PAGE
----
Guestographics distributes visual assets on third-party industry websites in an effort to attract relevant inbound links.

Link spam is the unethical use of a technique developed by Brian Dean to increase the number of inbound connections to a website. It works well in fields where writers are trying to impress their readers by introducing a novel form of content (visuals) or spreading important information, stories, or messages.

Numerous guestographics-related SEO case studies have been written. Read how one blogger used guestographics to increase organic traffic to his pet site by 975% in just 6 weeks.

Brian Dean outlines a simple five-step method for implementing this link building strategy in your field.

Step 1: Publish an Infographic

Step 2: Discover blogs that cover the subject of your illustration.

Step 3: Present your illustration to them.

Step 4: Give them exclusive material (“the bribe”).

Step 5: Acquire contextual connections.

To learn more about how to carry out each of the aforementioned steps, please study Brian’s entire guide.

The Art of Better Guest Demographics

The following are four practical suggestions for enhancing visitor demographics:

  • Use email excerpts to spread visual information.
  • Use embed buttons to spread the word about your infographic.
  • Extract key images from larger infographics.
  • Image data localization

1. Make use of email snippets for sharing visual information

To launch your own successful outreach program, all you need to do is copy and paste an email template from an SEO blog. However, the results will be temporary if you don’t understand the underlying concepts that made it effective in the first place.

Many writers and publishers in the industry received emails along the lines of “I like your blog and found you on [insert link source]” or “I stumbled upon you on [source] and thought that you’ll be interested in my infographic.” They are ignored by most recipients and do not aid in email marketing.
It works because with just a quick glance at the topic line, publishers will know exactly what kind of content you are pitching and what your asset consists of.

If you want more people to read your emails, try using a one-punch line.

However, a successful marketing effort doesn’t end there.

To make your email appear more personal and less like a mass mailing, it is essential to include information that is unique to that website (what Ross terms “email fragments”). 

2. Use embed buttons to spread the word about your infographic

Once your animation has been published, the hard part is over. (content creation). The second part is increasing exposure to it, which is necessary for building momentum and organically earning connections. (content promotion).

People typically add embed buttons to the bottom of their infographics. This opens the door for other bloggers to use the same image on their own sites without contacting the original author for approval.

This strategy kicks off the advertising of the visual product.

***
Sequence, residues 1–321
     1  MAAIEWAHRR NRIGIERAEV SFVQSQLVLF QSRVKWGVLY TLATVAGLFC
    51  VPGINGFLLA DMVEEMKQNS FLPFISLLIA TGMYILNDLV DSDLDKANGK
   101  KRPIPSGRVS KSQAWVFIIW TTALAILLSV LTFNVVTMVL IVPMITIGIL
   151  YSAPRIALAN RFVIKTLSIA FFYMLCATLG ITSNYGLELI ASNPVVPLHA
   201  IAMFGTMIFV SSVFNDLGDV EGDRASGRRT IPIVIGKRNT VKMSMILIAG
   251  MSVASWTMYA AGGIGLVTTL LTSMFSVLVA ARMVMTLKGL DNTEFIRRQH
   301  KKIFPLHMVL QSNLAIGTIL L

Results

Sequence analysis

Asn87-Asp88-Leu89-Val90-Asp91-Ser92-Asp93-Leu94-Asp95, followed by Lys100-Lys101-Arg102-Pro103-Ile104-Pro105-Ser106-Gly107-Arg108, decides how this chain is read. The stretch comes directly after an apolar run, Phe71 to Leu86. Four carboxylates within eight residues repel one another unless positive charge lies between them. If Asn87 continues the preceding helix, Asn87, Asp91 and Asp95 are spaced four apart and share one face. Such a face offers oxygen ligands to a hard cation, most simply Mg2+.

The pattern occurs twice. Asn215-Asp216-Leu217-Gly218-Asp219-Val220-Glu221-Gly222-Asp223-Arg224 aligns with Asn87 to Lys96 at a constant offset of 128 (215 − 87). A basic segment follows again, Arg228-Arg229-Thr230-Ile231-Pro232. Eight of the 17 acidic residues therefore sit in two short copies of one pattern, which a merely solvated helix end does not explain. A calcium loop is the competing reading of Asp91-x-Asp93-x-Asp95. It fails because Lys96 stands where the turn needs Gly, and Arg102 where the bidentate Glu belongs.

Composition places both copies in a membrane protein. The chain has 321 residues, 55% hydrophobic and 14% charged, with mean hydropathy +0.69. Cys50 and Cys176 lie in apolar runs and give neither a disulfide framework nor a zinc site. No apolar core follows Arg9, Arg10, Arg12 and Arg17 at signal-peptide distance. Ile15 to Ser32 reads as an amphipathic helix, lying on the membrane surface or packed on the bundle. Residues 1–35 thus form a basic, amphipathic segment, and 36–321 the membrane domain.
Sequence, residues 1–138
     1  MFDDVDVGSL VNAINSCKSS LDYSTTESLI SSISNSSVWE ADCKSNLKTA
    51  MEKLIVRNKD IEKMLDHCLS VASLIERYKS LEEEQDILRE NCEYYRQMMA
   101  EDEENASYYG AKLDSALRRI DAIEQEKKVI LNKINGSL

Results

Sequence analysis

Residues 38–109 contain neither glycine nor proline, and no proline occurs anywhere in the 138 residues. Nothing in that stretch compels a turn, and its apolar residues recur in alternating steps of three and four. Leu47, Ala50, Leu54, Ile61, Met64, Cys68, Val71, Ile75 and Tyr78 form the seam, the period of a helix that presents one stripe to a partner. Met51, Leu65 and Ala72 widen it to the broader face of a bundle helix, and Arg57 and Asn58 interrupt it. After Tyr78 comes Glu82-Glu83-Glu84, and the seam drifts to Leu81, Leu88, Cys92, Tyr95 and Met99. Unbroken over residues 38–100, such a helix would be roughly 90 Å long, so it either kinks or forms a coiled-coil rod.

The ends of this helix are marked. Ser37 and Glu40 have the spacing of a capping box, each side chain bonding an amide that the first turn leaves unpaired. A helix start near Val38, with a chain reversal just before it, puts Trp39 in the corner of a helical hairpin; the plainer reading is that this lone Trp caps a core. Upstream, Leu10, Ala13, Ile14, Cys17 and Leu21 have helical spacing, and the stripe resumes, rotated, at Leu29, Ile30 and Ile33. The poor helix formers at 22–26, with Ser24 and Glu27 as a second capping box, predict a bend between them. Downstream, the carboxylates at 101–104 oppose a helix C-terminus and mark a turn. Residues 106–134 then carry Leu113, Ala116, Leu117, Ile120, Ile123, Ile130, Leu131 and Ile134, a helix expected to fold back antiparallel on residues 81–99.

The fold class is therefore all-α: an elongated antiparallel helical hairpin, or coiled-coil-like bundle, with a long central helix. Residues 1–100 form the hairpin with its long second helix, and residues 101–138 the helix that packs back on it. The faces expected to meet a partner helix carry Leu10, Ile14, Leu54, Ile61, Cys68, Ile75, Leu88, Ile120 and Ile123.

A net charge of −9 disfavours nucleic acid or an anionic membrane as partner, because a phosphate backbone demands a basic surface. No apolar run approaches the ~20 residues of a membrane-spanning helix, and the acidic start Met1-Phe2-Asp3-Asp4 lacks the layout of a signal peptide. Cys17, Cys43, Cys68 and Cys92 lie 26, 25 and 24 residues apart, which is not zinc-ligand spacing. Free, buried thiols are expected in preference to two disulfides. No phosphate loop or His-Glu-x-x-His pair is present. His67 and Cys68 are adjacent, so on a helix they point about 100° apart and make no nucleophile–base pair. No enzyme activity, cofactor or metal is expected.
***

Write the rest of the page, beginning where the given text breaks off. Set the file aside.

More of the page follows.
Give bloggers an additional tool for republishing your visual image by providing them with a code to add their own embed box to their blogs. An embed code containing your information will be provided to the publisher who embeds the content.

If other writers see what you’ve republished and like it, they can easily copy and paste it into their own blogs.

3. Extract key images from larger infographics

Typically, I encounter lengthy infographics that necessitate multiple cursor scrolls to fully appreciate. It must be exhausting to keep staring at it on your computer.

Although I can see how this would be seen as authoritative in certain fields (what with all the data packed into the picture), I’ve come to the conclusion that not all visitors will be willing to risk checking out every last detail. The description is all they need to know to get the lowdown.

If you’re worried about overwhelming your readers, you can split up a lengthy infographic into two, three, or even four smaller images that still convey the main points without losing any of the reader’s interest.

Since it clearly disrupts the process of how to complete/do a “thing,” it may not be applicable to all kinds of infographics, such as instructographics or how-to visual assets. (e.g. how to choose a bottle of wine).

4. Image data localization

When it comes to ranking a local website for city-specific keywords, local connections still matter a great deal.

Local backlinks can be built through a variety of link building tactics, such as event sponsorships, local club memberships, and school or employee discounts.

One thing I’ll tell you is a secret. The SEO community as a whole undervalues the value of creating and sharing local images as a link building strategy.

While sector-specific infographics are common, graphics that are tailored to a particular region are much less common.

The issue now is how to localise visual data that is specific to a given field.

Finding a local content provider is the first move. If your business has its own database, you can use that.